Keeping their shoulders level, knees bent, swiftly taking off, zooming down the mountain or across the field while either snow, ice or another player blocks their sight, they maneuver around, sweat trickling down their faces, muscles flexed, and finally through the finish line.
That might not sound like the same people you see around Union Square with their Apple computer propped open, dodging yet another error message on the coding program or answering calls, yelling at employees, rushing out the door to a meeting. But Silicon Alley, a world more closely-associated with palefaces who spend most of their days in front of a screen, has its fair share of jocks. Just in time for the Olympics, we caught up with three of them in action.
Name: Jeremy Bloom
Sport: Freestyle Moguls skiing & wide receiver for the Philadelphia Eagles in the NFL
Olympic/Athletic glory: Three times world champion and two times Olympian champion in free style moguls skiing.
Business Plan: Consolidate media and advertisements into a single platform with the aim of helping businesses both on the buyer and the seller end.
Since its founding in 2010, Integrate has raised $4.5 million in series A funding from Foundry Group and more recently an additional $11 million in venture funding from Comcast, Liberty Global and Foundry Group. According to its website, Integrate aims to enable B2B or B2C advertisers to plan, execute, track, analyze and optimize their multi-channel marketing strategy. Integrate offers technology for host and post exchange, performance tracking, call tracking, fraud prevention, and audience analysis.
Headquartered in Scottzdale, AZ with an office in New York City, Integrate currently boasts 160 employees and is looking to hire.
Mentors: Bill Maris, managing partner at Google Ventures
Altruistic Side: Founded “Wish for a Lifetime,” an organization that grants wishes to the elderly with the goal of changing the perception of aging in the United State. “When I was seventeen, I went to Japan and was sitting on a crowded bus,” he told Betabeat. “I saw an 80-year-old woman struggling to get on the bus. Everyone got up to help her and bowed to her. I want to bring the same type of respect to America’s culture.”
Fun fact: Has a thing for TV-stars (See below)
Relationship status: Currently dating Jessica Lowndes, aka “No-Drama Adrianna” on the hit TV-series 90210. Bloom made on appearance on Fox’s new dating show The Choice, a twist-off of NBC’s singing competition The Voice, where celebrities come on the show and pick a date. The show aired in early June, when Jessica and Jeremy were already dating. Awkward.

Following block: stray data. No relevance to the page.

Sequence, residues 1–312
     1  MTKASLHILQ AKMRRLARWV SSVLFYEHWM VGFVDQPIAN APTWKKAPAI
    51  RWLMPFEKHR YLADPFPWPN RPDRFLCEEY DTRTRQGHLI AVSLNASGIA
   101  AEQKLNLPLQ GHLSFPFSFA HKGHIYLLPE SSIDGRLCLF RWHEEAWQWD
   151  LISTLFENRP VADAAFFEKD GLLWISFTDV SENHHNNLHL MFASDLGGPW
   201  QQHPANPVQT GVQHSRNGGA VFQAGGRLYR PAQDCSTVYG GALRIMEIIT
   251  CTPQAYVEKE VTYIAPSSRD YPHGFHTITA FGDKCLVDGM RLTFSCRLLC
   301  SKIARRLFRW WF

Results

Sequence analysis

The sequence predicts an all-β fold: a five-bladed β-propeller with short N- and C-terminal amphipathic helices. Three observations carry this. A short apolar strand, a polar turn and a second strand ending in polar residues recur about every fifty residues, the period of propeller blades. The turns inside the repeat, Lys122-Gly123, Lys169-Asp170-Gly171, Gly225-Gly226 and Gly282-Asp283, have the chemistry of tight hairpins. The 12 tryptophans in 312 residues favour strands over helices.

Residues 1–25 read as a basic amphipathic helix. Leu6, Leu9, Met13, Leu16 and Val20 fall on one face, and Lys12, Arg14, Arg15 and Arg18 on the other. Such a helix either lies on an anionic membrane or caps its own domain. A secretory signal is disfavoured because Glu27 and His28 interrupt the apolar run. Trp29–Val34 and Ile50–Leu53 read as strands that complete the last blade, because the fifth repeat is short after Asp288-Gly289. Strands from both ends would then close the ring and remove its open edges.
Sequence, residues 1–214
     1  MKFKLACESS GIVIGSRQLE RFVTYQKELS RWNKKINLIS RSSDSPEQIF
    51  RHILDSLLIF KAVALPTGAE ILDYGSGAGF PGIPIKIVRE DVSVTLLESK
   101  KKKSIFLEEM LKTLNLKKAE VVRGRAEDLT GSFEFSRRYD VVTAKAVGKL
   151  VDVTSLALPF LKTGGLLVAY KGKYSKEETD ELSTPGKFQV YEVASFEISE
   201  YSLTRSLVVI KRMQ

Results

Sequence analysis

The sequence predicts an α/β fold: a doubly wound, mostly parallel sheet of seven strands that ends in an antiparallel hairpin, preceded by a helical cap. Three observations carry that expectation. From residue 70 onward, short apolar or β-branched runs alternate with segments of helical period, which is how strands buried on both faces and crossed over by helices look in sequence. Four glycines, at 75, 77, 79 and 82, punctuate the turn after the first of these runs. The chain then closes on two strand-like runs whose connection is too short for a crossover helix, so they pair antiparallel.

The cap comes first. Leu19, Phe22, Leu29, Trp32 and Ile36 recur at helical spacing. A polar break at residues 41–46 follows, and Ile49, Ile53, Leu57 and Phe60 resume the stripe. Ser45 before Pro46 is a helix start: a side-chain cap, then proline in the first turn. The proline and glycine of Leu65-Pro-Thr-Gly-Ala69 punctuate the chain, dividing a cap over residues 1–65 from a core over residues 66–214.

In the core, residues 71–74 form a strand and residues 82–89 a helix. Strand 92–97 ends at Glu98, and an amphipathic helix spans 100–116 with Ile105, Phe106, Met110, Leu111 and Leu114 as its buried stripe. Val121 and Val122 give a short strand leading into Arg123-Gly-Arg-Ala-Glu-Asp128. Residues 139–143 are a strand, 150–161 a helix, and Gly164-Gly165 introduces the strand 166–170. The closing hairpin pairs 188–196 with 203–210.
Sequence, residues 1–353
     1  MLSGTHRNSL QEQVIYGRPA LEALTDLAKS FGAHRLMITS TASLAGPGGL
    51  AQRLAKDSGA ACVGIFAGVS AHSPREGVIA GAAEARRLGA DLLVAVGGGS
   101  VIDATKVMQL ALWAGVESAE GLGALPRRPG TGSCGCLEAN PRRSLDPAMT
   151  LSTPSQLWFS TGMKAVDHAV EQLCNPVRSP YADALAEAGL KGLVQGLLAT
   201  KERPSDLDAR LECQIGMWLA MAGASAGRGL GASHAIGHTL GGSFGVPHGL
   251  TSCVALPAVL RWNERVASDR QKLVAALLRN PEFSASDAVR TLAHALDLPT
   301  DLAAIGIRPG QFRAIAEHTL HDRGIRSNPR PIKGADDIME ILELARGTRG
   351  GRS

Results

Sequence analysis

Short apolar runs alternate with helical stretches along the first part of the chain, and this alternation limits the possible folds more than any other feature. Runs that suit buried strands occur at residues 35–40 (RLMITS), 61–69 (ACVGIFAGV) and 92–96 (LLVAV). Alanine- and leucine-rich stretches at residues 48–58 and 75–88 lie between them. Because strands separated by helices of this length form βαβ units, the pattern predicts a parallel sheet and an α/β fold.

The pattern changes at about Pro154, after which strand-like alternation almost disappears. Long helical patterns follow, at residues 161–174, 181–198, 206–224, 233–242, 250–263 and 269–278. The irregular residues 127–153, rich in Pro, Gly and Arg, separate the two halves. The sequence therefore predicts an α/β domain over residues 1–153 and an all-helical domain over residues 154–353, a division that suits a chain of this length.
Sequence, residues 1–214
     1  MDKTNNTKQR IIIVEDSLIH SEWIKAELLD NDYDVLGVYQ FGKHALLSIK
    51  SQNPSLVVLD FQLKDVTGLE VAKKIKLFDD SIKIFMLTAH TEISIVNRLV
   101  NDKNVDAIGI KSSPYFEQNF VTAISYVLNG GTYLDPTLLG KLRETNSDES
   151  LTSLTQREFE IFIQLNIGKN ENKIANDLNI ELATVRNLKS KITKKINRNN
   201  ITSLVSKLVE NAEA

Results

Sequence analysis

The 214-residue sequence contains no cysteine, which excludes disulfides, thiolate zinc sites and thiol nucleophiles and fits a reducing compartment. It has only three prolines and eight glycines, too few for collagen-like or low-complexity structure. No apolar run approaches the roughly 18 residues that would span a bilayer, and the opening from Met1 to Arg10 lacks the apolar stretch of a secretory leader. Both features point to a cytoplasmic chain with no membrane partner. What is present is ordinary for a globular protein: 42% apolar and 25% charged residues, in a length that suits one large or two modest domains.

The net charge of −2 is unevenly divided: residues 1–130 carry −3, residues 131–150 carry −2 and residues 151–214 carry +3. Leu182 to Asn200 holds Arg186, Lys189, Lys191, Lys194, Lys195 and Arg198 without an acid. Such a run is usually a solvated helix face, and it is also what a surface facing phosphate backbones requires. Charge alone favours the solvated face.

In His Own Words: “I’ve always been a nerd at heart. I always have these big ideas, but I feel that I fit into the world better now.”
Where to find him in London 2012: As an NBC sports broadcaster
Name: Joey Cheek
Olympic/Athletic glory: Olympic Gold, Silver, and Bronze medalist & World Championship Gold
Business Plan: Still in its nascent stage, DailyHouse is a sports news aggregator aimed at “everything but baseball, football, and basketball,” with the goal of connecting fans with smaller sports. Launched a year ago, DailyHouse began as just a blog that Mr. Cheek was handling. The inspiration for DailyHouse, which is currently completely self-funded, was the lack of coverage and overarching space for small sports, which has an “aggregate millions of fans.” Right now, DailyHouse’s is running tests to expand into the sports-video stage, something they will be testing in the London Olympics. DailyHouse is looking to become a kind of YouTube for sports.
Mentors/Investors: Shhh, he’s keeping it a secret for now.
Altruistic Side: Donated his 2006 Olympic Gold bonus to start Team Darfur, a coalition of athletes uniting to bring awareness and pressure on governments that could help the struggle in Darfur. “It (the Olympics) is a great big festival of pageantry and pride. If you look at the scope of the human disaster happening in Darfur, the fact that some speed-skater was talking about it is so damn weird, so it automatically got a lot of media attention.”